Baylor needs more blue-collar student jobs

By Josh Siatkowski | Staff Writer

Last week, I read a 2017 article in Forbes Magazine titled “How Colleges Rip You Off.” As you’d assume, it is not kind to the institution of higher education. Author Richard Vedder — a former economics professor at Ohio University — uses his words to cut deeply into the ballooning, unnecessary fat that’s making college more and more unaffordable.

Vedder slams college business offices, claiming money is wasted on the fact that there are now double the number of non-teaching professionals on campuses. He mocks ostentatious “investments” made by schools, like lazy rivers and indoor rock walls — which, as a fan of our climbing and bouldering walls, hit a little close to home. He even goes so far as to call a majority of funded research “obscure” and pointless, writing that three papers on Shakespeare are published every day and asking, in the spirit of an economist, “Doesn’t the Law of Diminishing Returns apply to academic research?”

I’m only summarizing Vedder’s arguments. If you want to hear more behind the reasoning of his long-winded attack on college tuition, I’d suggest reading it yourself. But a warning for any faithful of the green and gold: It might leave you questioning your own college decision and wondering how “good” the faces behind that good old Baylor Line really are.

On a lighter note, Vedder recognizes that a number of schools actually work with their students to keep these costs low — and not just $10,000 off your $70,000 tuition. Try no tuition at all.

Berea College is a liberal arts college in rural Kentucky, home to just 1,454 full-time students. Geographically, philosophically and culturally, it’s vastly different from Baylor. But the biggest difference between the two is the cost: Berea has zero tuition.

Now, before moving on, let’s make something clear: I do not bring up this statistic to claim that Baylor should be free. Our resources, living standards, prestige and exit opportunities far exceed those of little Berea College. Not to mention, Berea is a school specifically for low-income students.

With that said, however, Berea’s differences don’t mean that Baylor shouldn’t be learning from them. After all, a school that can charge no tuition without descending into the financial equivalent of nuclear fallout must be doing something right. And it is.

Berea is one of 10 schools in the United States that is part of the Work College Consortium. According to the Consortium’s website, it’s a “group of distinctive student-centered liberal arts colleges promoting the purposeful integration of Work-Learning service while helping to reduce the cost of education.”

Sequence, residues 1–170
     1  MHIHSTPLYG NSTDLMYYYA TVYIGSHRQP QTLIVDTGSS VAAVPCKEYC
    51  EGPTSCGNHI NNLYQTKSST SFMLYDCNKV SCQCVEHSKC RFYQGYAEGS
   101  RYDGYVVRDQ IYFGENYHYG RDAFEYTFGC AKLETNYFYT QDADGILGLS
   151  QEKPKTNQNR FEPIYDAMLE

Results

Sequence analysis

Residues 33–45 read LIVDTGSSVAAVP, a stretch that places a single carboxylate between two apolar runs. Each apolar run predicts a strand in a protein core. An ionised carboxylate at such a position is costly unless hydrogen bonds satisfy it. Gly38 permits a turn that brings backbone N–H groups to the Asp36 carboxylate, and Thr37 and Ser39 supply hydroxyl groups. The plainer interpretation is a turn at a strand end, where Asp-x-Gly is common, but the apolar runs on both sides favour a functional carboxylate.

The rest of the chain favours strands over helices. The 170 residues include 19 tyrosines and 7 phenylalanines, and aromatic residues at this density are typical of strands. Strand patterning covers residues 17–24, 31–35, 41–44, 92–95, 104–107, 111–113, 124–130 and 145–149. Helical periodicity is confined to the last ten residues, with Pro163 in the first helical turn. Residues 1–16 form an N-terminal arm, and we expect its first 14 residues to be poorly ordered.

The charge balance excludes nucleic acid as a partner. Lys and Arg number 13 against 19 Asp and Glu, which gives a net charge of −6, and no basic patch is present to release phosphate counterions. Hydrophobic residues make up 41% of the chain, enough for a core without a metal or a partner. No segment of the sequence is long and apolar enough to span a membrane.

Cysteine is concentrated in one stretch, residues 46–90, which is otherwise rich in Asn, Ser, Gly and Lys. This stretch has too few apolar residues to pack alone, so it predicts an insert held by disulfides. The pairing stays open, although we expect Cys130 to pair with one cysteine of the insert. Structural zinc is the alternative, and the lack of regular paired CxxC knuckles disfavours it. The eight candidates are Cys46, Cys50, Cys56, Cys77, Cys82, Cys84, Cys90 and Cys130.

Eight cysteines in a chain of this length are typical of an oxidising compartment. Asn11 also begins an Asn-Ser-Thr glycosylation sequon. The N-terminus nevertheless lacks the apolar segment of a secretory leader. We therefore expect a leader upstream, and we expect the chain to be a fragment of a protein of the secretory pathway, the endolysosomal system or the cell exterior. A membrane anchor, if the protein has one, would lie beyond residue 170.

In layman’s terms, students at these schools are required to work to help cover the costs of attendance and keep the university’s labor and maintenance costs low.

At Berea, students work between 10 and 20 hours per week in a number of jobs. While student work is common at Baylor and most universities, work at Berea looks different. Typical types of student work include manning front desks, guiding tours and assisting with research, but Berea offers more blue-collar positions. Admissions videos show footage of students repairing bikes and cars, mowing lawns and even farming produce for the dining halls.

Although there are a few opportunities for students in these areas at Baylor, options are limited and don’t seem to be growing. However, there are a number of benefits to this different style of work — enough for me to argue for its adoption at Baylor in the near future.

The first and biggest reason is that these jobs would help reduce costs more than most current student work positions. Although it’s nice that Baylor doesn’t have to add research assistants or receptionists to full-time payroll, these costs are not burdensome when compared to others.

Outsourcing services like dining, maintenance, facilities and groundskeeping — all of which are areas where Berea has extensive student work programs — generally account for significantly more costs than the previously mentioned ones. Now, I’m not suggesting that we get rid of our facilities and dining providers; I’d be horrified to leave my diet in the hands of a few freshmen rather than professional chefs. However, we could do a better job of giving students more of these opportunities, especially now that we are already switching facilities service providers this June.

That brings me to my second reason. We contracted Aramark for 68 years for all facility-related services. Since we’re already in the process of changing, now seems like the easiest time to tack on a few more student work positions on the blue-collar side of things.

Ultimately, I’d love to see it happen. Students could learn practical skills, make some spending money and even help lower the costs of the university. Now, just because it would lower the operating costs of the university doesn’t mean it would be reflected in a tuition drop — especially when you remember the sentiments in Vedder’s article.

You might be asking, what kind of college student would want to do manual labor or trade work? And while I know a few students who would turn their noses up to this kind of job, I think most understand the value and importance of these positions, which brings me to my third reason.

Students would learn valuable skills working these jobs, and I don’t just mean humility or the importance of hard work. Learning to repair an air conditioner or fix a burst pipe is not a pointless skill, even if it doesn’t necessarily align with your degree.